20041222

recipe: wattle seed flavoured shortbread



wattle seeds are the seeds from the acacia tree species a. difficilis, and have been used for thousands of years by australian aborigines as a food source. it tastes a bit like chocolate, a bit like coffee, a bit like hazelnuts, so nowadays it's a rather popular? trendy? flavouring component for almost anything sweet and some things savoury.

since it's bush tucker, i turned to my favourite aussie chef, bill granger, for a simple shortbread recipe i could use to highlight the wattle seeds mellow nuttiness. i adapted this recipe from his heart shortbread kisses found on page 90 of "sydney food." these are lovely light-with-a-bite little cookies that would be wonderful with an iced coffee on a sunny afternoon or a warm cuppa when it's a little gray.

wattle seed shortbread, adapted from a bill granger recipe

40g (1/3 c) icing (confectioners') sugar, sifted
250g (9 oz) unsalted butter, softened
60 g (1/2 c) rice flour
185g (1 1/2 c) plain (all-purpose) flour
1 tbsp wattle seeds
pinch of salt

beat the sugar and butter together until just combined. in another bowl, sift together the dry ingredients (except the wattle seeds), add the wattle seeds, then mix into the butter and sugar mix until a dough forms. mold into a log 6cm or 2 1/2 inches in diameter, wrap in cling film and refrigerate at least half an hour.

preheat oven to 180˚C (350˚F). cut the log into thin slices, placed on a greased or lined baking sheet and bake for 15-8 minutes, until golden brown. cool on a wire rack.

top tip: save all the wrappers/papers your butter comes wrapped in in a resealable bag in your fridge or freezer. when you need to grease a pan, pull one of these babies out--there's usually enough butter left to grease several pans, and the wrapper makes it easy and easy to clean up after!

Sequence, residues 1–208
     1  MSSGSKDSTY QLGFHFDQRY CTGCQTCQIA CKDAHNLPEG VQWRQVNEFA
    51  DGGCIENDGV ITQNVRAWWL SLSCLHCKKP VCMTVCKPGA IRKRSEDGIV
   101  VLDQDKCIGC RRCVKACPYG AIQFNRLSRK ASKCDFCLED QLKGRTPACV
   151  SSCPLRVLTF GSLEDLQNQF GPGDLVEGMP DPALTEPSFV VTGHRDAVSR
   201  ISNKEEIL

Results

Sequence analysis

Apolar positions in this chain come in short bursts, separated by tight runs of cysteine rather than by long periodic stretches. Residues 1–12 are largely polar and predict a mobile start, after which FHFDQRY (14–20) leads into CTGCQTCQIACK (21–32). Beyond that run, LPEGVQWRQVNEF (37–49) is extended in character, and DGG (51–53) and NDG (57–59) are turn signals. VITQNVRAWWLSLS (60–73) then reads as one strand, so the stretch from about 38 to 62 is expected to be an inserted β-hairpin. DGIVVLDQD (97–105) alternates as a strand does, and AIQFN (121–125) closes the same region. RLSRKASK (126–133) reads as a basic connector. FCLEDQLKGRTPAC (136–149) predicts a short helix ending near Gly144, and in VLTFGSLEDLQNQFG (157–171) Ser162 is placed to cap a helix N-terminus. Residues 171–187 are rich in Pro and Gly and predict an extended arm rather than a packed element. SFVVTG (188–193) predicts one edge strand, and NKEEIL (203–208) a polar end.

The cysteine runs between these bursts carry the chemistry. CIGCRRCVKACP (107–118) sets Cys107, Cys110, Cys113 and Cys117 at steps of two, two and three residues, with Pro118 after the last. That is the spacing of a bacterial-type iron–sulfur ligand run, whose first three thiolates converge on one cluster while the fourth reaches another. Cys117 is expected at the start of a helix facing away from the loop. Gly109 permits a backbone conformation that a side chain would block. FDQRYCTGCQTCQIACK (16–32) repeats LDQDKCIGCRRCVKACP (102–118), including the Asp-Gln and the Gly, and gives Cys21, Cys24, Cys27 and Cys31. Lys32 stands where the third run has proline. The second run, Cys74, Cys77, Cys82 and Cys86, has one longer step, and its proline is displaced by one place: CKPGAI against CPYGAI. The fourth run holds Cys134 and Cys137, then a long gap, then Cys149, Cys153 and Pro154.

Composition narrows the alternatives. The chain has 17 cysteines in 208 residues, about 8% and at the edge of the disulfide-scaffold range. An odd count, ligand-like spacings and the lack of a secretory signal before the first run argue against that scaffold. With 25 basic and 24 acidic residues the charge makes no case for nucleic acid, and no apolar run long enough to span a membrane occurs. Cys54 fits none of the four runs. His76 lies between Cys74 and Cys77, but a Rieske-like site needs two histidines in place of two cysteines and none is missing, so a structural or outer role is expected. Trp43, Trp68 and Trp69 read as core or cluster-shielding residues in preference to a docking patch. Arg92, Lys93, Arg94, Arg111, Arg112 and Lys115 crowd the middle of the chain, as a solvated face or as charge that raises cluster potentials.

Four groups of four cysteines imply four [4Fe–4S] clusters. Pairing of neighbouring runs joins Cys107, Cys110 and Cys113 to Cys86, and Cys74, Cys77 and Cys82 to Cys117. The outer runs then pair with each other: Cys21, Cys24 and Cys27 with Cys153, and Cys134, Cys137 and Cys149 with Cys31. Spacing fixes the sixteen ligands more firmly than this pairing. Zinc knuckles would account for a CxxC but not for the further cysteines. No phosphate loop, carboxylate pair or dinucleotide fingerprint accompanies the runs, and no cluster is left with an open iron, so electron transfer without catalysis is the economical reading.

8 comments:

Oh I really like this blog of yours. As for your question... I think many.

hi saffron

you have a lovely name. thanks for stopping by! yes there *are* many :-)

Deeply embarrased to say I've never had wattle seeds but have admired the idiosyncratic yellow flowers from time to time. In fact most tucker I've had in the bush has been frozen at one stage in its life.

Nice top tip.

nth--i have to admit since it is a night for it that the first time i tried wattle seeds i was all "phffthp--used coffee grounds!" but hey, thems quality used coffee grounds. i think it's best if you can steep the seeds in liquid or if you let the baked good sit to allow the flavour to develop.

anyway, i wouldn't recommend harvesting wattle seeds from the bush--a. difficilis, a. victoriae and a. murrayana are edible, but acacia georginae contains a substance that is a widely used rodenticide, and a. ligulata causes hair loss. might be fun for a night with the easy bake coven (grr-i wish i came up with that phrase!), but not during the holiday season.

Australian Wattleseed is probally one of the most interesting flavours about with strong coffee, hazelnut and chocolate flavours its certianly something different.

I have a number of wattleseed recipes on my website, but here some interesting recipes here ;
Wattlecino http://www.benjaminchristie.com/recipe/36/wattleseed-caffee-latte-or-wattlecino
Wattleseed Pavlova
http://www.benjaminchristie.com/recipe/48/wattleseed-pavlova

If you need to buy some wattleseed, an associate of mine whom pioneered Wattleseed many years ago, Vic Cherikoff ( www.cherikoff.net ) has some available via his online shop http://shop.dining-downunder.com

hello chef! i need pavlova pointers. for an island that has 90% humidity. love the recipes though--thanks!

ah, chef cherikoff. doesn't he scare you just even a tiny, teeny bit? i am scared of him, a tiny, teeny bit.

Chef Santos,

How on Earth could you be scared of me? Even a teeny weeny bit? After all, haven't I brought you a whole new set of ingredients to bright up your day?

As for wattleseeds, you are absolutely spot on and it is recommended that you stick with the commercial varieties of wattleseed (and other wild foods) (www.cherikoff.net/shop) which have been scientifically scrutinised and where there's a company with a public and product liability insurance policy behind your experimentation.

The major benefit, though, is that the product I developed in 1984 and which is now commonly known as Wattleseed, is as much art as is roasting coffee. Getting the right stuff means it'll deliver the beautiful coffee-chocolate-hazelnut flavour Wattleseed is getting so famous for.

Incidentally, have you tried it in ice cream? Mmmmm!

did i say a tiny, teeny bit? i meant terrified.

love the spices! what the heck do i do with the red desert dust?!